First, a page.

Telang, Milan (Kuwait Oil Company) | Al-Matrook, Mohammad F. (Kuwait Institute for Scientific Research) | Oskui, Gh. Reza (Kuwait Institute for Scientific Research) | Mali, Prasanna (Kuwait Oil Company) | Al-Jasmi, Ahmad (Kuwait Oil Company) | Rashed, Abeer M. (Kuwait Institute for Scientific Research) | Ghloum, Ebtisam Folad (Kuwait Institute for Scientific Research)
Asphaltene deposition problems in Kuwait have become a serious issue in a number of reservoirs during primary production in different fields, resulting in a severe detrimental effect on the economics of oil recovery. Hence, one of the mitigation approaches in the field is using remedial solvent treatments, such as Xylene or Toluene, which is very costly and harmful to the environment.
Kuwait Oil Company (KOC) is planning to produce from asphaltinic Marrat wells that have been shut down due to low bottom-hole pressure (BHP), by artificial lifting technique using an Electric Submersible Pump (ESP) supported with continuous chemical injection, as a pilot. The main objective of this study was to investigate in the lab the effectiveness of various concentrations of toluene/diesel (T/D) mixtures on Marrat reservoir fluid in order to mitigate asphaltene deposition problem during the actual pilot implementation.
Preliminary screening tests were conducted on the surface oil sample using Solid Detection System (SDS) "laser technique?? to determine the optimum dose of the T/D mixture ratio. The results showed that pure diesel accelerated the asphaltene precipitation; however, mixing T/D inhibited the precipitation process. Series of pressure depletion tests was then conducted on live oil , single phase samples, to determine the Asphaltene Onset Pressure (AOP) with and without adding various ration of T/D solvents at different temperatures from reservoir to surface conditions.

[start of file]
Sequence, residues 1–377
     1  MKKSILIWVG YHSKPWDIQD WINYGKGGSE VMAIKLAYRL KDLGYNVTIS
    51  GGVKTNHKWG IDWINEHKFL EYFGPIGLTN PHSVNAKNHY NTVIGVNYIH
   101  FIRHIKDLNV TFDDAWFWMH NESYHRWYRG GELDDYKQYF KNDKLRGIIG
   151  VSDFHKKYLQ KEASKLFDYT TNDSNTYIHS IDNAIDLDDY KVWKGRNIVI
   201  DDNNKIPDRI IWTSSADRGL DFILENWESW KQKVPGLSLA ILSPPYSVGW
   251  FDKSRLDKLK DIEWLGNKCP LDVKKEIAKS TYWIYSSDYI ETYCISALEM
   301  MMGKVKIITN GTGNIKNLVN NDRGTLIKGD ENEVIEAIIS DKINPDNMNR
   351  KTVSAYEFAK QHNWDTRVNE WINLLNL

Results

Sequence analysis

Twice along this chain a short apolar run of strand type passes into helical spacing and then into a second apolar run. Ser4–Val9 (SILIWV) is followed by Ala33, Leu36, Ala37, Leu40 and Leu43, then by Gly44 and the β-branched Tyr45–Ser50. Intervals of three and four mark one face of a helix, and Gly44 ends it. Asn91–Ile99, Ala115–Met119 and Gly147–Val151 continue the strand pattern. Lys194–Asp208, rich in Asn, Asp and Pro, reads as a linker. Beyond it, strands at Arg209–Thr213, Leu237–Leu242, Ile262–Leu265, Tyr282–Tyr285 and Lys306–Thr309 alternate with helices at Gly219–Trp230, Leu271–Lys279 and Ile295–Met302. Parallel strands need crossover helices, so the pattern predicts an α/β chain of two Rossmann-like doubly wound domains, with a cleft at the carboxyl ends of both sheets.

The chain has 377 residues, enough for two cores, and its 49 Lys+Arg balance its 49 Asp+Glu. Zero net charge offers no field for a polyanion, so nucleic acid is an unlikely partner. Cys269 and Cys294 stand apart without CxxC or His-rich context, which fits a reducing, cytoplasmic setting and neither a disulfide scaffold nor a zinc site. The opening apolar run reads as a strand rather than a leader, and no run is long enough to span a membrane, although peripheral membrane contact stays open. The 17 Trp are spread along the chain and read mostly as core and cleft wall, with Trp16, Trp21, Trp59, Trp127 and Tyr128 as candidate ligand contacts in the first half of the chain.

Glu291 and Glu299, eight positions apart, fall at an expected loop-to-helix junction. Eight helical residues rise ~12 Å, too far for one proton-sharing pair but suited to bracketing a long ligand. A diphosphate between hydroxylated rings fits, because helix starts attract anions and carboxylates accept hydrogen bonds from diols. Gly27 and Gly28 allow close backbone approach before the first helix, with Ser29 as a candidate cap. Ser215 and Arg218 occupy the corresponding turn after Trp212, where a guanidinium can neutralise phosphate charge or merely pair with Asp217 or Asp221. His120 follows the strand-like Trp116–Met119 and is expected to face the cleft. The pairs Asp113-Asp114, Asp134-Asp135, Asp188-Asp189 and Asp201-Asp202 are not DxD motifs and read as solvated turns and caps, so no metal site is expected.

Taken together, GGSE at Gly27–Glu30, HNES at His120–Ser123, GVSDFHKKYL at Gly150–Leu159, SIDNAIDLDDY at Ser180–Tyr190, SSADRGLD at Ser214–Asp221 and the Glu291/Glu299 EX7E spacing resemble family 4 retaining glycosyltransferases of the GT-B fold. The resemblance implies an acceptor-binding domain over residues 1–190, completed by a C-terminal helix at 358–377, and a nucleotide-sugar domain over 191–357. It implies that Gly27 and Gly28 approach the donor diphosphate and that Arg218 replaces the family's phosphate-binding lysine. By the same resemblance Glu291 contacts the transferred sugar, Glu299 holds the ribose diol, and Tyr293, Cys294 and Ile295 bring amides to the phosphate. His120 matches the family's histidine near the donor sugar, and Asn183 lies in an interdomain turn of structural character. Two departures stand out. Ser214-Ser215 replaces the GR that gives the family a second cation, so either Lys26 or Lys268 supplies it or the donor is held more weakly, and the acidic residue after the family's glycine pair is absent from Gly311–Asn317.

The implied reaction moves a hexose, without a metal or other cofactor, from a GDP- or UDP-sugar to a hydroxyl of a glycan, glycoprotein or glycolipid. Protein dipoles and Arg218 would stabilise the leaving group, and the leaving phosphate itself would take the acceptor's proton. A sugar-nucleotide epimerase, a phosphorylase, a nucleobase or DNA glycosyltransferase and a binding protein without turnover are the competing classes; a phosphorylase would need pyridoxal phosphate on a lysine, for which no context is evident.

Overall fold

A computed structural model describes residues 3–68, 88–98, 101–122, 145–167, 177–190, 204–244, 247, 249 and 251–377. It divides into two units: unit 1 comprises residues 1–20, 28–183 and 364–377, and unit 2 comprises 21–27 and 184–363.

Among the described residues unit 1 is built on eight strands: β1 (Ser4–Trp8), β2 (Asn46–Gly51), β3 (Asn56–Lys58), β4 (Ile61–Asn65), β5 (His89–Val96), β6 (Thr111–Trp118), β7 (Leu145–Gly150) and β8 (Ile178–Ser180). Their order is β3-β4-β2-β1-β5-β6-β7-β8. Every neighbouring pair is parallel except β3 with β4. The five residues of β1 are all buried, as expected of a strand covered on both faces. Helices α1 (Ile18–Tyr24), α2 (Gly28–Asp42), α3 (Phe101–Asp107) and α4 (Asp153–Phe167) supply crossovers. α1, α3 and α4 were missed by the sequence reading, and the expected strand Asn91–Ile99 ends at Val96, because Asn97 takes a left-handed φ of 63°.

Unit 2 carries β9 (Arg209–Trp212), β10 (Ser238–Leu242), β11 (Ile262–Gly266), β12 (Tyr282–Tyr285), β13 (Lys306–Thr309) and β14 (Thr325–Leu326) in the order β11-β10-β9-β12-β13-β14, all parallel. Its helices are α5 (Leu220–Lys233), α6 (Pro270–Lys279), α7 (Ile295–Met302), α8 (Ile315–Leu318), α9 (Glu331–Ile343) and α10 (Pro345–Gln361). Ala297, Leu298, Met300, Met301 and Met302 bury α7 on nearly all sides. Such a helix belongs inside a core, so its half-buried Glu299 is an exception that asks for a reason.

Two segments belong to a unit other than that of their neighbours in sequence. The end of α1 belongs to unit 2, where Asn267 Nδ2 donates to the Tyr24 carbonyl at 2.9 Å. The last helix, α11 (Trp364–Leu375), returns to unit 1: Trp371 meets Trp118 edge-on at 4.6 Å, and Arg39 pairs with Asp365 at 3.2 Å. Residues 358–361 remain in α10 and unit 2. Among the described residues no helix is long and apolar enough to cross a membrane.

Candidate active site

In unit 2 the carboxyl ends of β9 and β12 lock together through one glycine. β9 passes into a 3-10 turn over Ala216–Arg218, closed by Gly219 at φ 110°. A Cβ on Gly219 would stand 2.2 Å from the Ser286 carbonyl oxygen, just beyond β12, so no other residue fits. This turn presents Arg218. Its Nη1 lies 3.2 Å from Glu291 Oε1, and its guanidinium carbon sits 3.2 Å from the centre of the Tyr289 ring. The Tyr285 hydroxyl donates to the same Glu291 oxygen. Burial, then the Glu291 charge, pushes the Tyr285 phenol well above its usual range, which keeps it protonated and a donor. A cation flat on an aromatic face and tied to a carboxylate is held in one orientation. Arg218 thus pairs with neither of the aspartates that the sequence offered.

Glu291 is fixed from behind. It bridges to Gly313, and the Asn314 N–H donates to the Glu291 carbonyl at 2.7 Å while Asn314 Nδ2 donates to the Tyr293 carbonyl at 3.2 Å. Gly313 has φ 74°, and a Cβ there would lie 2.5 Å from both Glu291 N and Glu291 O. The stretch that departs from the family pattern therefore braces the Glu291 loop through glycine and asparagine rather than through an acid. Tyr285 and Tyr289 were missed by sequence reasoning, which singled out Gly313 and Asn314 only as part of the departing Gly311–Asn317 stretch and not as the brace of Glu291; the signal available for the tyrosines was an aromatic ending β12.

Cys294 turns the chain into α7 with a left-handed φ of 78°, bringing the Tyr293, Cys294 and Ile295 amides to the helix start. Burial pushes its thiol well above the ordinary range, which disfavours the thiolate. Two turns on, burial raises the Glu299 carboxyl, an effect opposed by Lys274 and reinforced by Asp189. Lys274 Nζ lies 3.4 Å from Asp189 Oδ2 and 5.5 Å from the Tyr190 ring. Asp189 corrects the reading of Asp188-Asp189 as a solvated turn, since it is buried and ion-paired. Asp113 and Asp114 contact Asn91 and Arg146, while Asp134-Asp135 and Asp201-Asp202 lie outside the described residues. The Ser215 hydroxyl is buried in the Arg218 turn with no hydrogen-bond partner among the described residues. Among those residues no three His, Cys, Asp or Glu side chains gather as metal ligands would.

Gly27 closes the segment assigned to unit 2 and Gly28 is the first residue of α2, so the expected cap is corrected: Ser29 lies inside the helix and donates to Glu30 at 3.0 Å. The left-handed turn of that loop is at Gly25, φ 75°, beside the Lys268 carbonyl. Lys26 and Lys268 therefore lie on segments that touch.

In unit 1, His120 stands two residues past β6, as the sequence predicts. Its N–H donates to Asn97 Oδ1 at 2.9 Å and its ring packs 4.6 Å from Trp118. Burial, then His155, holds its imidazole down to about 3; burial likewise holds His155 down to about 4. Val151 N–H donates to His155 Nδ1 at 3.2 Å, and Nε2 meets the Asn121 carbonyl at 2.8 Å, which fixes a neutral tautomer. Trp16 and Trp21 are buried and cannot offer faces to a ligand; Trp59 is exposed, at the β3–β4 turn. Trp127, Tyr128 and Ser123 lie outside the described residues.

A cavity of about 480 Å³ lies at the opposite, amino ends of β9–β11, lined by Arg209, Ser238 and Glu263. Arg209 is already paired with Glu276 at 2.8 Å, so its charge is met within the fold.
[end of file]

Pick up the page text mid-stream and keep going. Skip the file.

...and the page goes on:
The results revealed that using 15% (by volume of oil) from the (50T:50D) mixture reduced the AOP close to the bubble point pressure. Furthermore, the amount of the precipitated asphaltene was physically quantified using a bulk filtration technique. It was observed that, based on blank sample, the wt% of the precipitated asphaltene was minimized at the AOP and maximized at the bubble point. However, using the recommended mixture of 50T/50D, the amount of asphaltene that precipitated was almost negligible. Therefore, from a health, safety, and economic point of view, this study recommends using a low dose of 7.5% (by volume of oil) from toluene mixture with diesel (50%:50%) rather than using pure toluene to prevent the precipitation.
Blunt, Martin Julian (Imperial College) | Al-Jadi, Manayer (Kuwait Oil Company) | Al-Qattan, Abrar (KOC) | Al-Kanderi, Jasem M. (Kuwait Oil Company) | Gharbi, Oussama (Imperial College) | Badamchizadeh, Amin (CMG) | Dashti, Hameeda Hussain (Kuwait Oil Company) | Chimmalgi, Vishvanath Shivappa (Kuwait Oil Company) | Bond, Deryck John (Kuwait Oil Company) | Skoreyko, Fraser A. (CMG)